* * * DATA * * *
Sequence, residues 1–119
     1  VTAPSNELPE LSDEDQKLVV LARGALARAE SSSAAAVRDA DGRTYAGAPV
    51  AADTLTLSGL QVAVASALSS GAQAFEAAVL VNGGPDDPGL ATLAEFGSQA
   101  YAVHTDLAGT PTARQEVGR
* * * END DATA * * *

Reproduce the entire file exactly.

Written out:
Sequence, residues 1–119
     1  VTAPSNELPE LSDEDQKLVV LARGALARAE SSSAAAVRDA DGRTYAGAPV
    51  AADTLTLSGL QVAVASALSS GAQAFEAAVL VNGGPDDPGL ATLAEFGSQA
   101  YAVHTDLAGT PTARQEVGR